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November 2021

Newsletter Topics

RP Roundup Recap
Livestock Water Quality Challenges
Art of Range: Recent Episodes
IYRP Related News


Two RP members were recently elected as SRM Officers. Congratulations to Karen Hickman (2nd Vice President) and Leslie Roche (Director).
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RP Roundup Recap

Many thanks to Livia Olsen (Kansas State University) and Sergio Arispe (Oregon State University) for hosting the RP Roundup on November 4th. The focus was on innovative technologies for creating extension content with presentations from Dr. Colt Knight (University of Maine), Dr. Tip Hudson (Washington State University), and Dr. Levy Randolph (Kansas State University). 

The session was recorded and is now available.

Livestock Water Quality a Challenge for Drought Stricken Ranchers

By Miranda Meehan
North Dakota State University

Adequate, good quality water has been a challenge for ranchers in the Northern Great Plains this year, due to wide spread drought. Many ranchers in the region still depend on surface water sources, such as dugouts and stock dams to provide water to grazing livestock. These sources naturally contain salts, which are dissolved minerals or solids.

Elevated concentrations of total dissolved solids (TDS) and sulfates can be toxic to livestock, resulting in decreased performance, abortions, blindness, central nervous system disorders and death. For most classes of grazing livestock, the TDS in the water should be less than 5,000 parts per million (ppm). Sulfate is part of the TDS. The recommended concentration should be less than 500 ppm for calves and less than 1,000 ppm for adult cattle.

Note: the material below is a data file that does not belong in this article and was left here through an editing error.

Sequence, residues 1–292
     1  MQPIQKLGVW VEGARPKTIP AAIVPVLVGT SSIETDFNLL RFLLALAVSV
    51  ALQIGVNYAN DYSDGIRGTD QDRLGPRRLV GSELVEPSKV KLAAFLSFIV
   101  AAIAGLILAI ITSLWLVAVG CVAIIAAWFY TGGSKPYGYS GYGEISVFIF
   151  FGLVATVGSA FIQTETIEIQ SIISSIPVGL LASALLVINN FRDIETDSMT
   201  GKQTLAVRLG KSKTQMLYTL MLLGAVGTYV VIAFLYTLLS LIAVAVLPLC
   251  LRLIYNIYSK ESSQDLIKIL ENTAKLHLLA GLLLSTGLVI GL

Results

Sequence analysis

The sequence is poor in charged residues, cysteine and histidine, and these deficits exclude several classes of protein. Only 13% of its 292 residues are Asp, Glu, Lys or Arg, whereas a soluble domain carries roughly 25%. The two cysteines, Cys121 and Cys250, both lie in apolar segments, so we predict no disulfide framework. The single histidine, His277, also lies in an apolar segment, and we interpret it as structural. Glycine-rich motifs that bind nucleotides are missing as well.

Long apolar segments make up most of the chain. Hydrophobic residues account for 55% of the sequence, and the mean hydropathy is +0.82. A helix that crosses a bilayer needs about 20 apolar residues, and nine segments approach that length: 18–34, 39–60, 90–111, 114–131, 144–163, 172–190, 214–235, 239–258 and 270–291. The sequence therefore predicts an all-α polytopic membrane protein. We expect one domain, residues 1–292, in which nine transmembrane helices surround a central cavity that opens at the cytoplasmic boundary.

During a drought there is an increased risk of elevated TDS and sulfates in water sources, as concentrations increase as water levels decrease due to evaporation. In response to statewide drought conditions, NDSU Extension is screening the quality of livestock water sources to reduce losses of livestock due to toxic water conditions. NDSU Extension agents are screening the concentration of TDS and sulfates across North Dakota throughout the grazing season.

Water samples were screened for TDS and sulfate using an electric conductivity meter and sulfate test strips, respectively. Samples were classified based on county, sample date and water source. If TDS concentrations were equal to or more than 4,500 ppm or sulfates were greater than 800 at the time of screening, laboratory analysis was recommended.

In 2021, Extension agents screened 1,547 water samples from 37 counties in North Dakota. The screenings identified 151 sources with elevated TDS levels, greater than 5,000 ppm (Figure 1). Potentially toxic sulfate levels, greater than 1,200 ppm, were identified at 330 locations (Figure 2). These screenings resulted in 138 samples being submitted for laboratory analysis and management changes at 214 locations.
Figure 1. Map depicting results of total dissolved solid screenings conducted in 2021 by NDSU Extension.
Figure 2. Map depicting results of sulfate screenings conducted in 2021 by NDSU Extension.
Water quality screening and analysis of livestock sources allows ranchers to ensure water quality is not impacting livestock performance and/or health. It also can aid in making management decisions such as when livestock should be removed from a pasture or when an alternative water source should be used or developed. Installing a water development plan can help ensure that livestock have access to good-quality water throughout the grazing season and increase a ranch’s drought resilience.

For more information on livestock water quality contact your local Extension office or visit the website.

The Art of Range Podcast

Recent Podcast Episodes

The Art of Range Podcast provides education through conversation with some of the brightest minds in rangeland management. 

IYRP Related News

By Barb Hutchinson

IYRP Sessions a Success at the Joint IRC-IGC Congress (excerpt from report by Maryam Niamir-Fuller)